To cut down a wooden tree you need an ax. To cut down an artificial you need a hacksaw (for the metal) and a wire cutter (for the light strings)

    Comment by Shah — December 22, 2007 @ 12:04 pm

  11. I think the joke is the juxtaposition between the traditional Christmas carols and buying an artificial tree. That juxtaposition is highlighted by the final panel where there is a sign that says the sign “Hack saws, wire cutters here”

    Comment by Nicole — December 22, 2007 @ 1:26 pm

  12. The phrase “Merry Christmas” is completely 100 percent secular. In modern usage, it’s as deity-free as saying goodbye.

    (Yes, if you object to the Christmas holiday because of its etymology, I am hinting that you check the etymology of “goodbye.”)

    Comment by brien — December 22, 2007 @ 3:20 pm

  13. Curmudgeon, if the mere mention of Christmas makes a song sacred, I want to attend the church where they sing, “Rockin’ Around the Christmas Tree.” That’d be cool. 😉

    Comment by Molly — December 22, 2007 @ 7:00 pm

  14. PLEASE NOTE: The following comment is meant *entirely in jest* and is not intended to be taken at all seriously or personally: Would “Grandma Got Run Over by a Reindeer” count as sacred? The lyrics contain the word “Christmas” more than once, even if it’s not in the title. (Sorry, I’m in a bit of a silly mood this morning. Must be the coffee kicking in.)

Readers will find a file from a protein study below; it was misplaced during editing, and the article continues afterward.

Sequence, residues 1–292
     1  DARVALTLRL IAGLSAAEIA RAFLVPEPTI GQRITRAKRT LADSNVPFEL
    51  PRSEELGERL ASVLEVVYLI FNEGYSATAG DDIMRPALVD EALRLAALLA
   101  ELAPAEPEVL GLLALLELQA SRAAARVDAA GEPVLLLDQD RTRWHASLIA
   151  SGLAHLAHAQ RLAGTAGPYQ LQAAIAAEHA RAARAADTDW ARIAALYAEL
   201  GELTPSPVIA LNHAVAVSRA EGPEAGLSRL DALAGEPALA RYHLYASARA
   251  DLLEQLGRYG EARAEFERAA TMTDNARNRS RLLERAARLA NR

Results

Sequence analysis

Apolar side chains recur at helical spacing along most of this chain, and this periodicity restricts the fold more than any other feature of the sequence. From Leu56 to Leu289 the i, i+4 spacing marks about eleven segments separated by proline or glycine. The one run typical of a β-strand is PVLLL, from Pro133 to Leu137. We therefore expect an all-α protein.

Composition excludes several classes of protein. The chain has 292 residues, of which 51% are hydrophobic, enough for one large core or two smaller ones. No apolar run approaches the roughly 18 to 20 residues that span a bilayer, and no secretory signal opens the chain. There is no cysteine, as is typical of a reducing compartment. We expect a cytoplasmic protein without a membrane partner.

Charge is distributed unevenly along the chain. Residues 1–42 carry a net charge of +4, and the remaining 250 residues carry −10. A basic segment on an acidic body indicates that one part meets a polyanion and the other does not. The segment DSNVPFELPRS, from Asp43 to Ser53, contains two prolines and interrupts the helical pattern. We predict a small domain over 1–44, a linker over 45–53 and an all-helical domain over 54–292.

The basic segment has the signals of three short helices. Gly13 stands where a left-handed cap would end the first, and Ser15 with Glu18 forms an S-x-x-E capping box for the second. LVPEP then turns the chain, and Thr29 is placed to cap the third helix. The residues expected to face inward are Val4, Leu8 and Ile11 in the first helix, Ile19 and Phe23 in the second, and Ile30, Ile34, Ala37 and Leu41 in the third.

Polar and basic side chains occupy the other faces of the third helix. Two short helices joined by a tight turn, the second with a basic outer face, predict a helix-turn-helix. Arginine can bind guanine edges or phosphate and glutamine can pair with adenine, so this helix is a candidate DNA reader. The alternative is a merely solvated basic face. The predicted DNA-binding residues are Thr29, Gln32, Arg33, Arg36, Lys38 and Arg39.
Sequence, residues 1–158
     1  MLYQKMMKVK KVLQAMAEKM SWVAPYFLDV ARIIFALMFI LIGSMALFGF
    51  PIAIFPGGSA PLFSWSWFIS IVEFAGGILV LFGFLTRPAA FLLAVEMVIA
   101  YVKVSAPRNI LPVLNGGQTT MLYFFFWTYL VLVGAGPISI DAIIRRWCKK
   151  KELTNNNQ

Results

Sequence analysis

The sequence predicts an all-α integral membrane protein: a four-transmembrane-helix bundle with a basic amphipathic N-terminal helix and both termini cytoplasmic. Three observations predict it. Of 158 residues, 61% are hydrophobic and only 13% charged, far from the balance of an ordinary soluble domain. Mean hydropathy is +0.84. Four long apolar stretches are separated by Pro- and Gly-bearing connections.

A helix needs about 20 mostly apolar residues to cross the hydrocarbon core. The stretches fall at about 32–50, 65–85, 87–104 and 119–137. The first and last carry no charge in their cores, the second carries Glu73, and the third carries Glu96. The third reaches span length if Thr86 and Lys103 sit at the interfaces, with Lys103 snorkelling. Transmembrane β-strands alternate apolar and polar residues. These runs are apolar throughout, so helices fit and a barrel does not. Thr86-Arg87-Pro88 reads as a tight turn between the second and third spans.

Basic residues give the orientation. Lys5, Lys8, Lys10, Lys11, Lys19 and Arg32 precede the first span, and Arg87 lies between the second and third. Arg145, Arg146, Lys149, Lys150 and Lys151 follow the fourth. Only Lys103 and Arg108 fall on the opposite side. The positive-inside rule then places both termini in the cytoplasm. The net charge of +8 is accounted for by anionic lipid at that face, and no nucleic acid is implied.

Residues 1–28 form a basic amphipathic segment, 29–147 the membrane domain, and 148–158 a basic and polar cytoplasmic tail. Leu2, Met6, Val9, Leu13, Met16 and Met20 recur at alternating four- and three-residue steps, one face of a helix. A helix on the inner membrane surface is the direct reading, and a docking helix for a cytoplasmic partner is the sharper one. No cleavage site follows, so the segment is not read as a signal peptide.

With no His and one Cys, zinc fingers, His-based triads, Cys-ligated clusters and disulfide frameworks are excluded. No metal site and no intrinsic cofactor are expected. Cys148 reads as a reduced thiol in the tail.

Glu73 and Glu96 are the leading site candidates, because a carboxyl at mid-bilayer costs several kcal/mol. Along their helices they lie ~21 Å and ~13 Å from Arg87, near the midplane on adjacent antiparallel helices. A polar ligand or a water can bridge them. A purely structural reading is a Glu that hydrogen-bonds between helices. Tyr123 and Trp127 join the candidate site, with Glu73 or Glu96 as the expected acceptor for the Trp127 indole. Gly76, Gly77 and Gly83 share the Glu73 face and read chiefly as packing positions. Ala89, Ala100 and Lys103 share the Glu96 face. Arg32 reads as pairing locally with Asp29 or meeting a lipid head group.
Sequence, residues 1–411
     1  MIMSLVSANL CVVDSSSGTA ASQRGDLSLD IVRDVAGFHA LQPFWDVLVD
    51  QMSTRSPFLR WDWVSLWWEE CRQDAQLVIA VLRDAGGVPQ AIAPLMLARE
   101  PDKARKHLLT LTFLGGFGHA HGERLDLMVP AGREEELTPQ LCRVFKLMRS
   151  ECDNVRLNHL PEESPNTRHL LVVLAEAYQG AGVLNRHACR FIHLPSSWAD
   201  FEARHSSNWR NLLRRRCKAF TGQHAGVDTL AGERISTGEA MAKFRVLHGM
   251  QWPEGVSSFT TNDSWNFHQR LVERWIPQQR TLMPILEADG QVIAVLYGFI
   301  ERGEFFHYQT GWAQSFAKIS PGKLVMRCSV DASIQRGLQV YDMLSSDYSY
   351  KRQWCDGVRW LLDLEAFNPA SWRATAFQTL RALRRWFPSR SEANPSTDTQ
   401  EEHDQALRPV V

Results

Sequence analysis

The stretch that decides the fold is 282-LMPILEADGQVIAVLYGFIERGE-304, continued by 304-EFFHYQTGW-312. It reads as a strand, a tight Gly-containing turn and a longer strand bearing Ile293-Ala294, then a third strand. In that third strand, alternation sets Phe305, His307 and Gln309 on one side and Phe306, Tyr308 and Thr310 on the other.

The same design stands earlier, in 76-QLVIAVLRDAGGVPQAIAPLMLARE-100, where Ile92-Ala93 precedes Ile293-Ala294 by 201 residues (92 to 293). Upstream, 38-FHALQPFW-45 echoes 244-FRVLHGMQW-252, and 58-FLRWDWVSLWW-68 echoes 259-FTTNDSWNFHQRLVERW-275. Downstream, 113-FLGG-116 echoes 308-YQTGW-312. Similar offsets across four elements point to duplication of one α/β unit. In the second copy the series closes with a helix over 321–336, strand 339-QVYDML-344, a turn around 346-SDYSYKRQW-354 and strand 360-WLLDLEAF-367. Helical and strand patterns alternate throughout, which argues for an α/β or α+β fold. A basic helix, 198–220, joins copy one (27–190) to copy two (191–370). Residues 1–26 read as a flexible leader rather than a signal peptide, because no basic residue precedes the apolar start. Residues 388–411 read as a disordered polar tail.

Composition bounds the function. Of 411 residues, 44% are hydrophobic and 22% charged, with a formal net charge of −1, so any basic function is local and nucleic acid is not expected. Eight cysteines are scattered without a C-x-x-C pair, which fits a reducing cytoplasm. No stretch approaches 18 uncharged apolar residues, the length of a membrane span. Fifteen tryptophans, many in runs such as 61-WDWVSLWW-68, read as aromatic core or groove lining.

And with all the explanations above, I still don’t “get” this strip. Or maybe I do, and it’s just not funny. . . .

    Comment by Susan T-O — December 23, 2007 @ 10:10 am

  15. Since “Christ” did not exist, “Christmas” is as much about “Christ” as “don’t look a gift horse in the mouth” is about an actual gift horse.

    Comment by Francois Tremblay — December 23, 2007 @ 3:05 pm

  16. At the risk of stating the obvious, telling someone to enjoy the holiday celebrating the birth of the son of God is not 100% secular. It certainly has non-religious components and it may be a largely secular holiday for some of you—which I understand, since I’m not Christian, and celebrate Christmas. But I certainly know Christians for whom it’s an important religious holiday, and Jews for whom it’s a holiday that it’s important that they not celebrate, since it’s the holiday of a different religion. Claiming that it’s a 100% secular holiday is like claiming that the Fourth of July is a general holiday for freedom, regardless of which country to live in (maybe some people make this argument to; if so, I don’t want to know about it).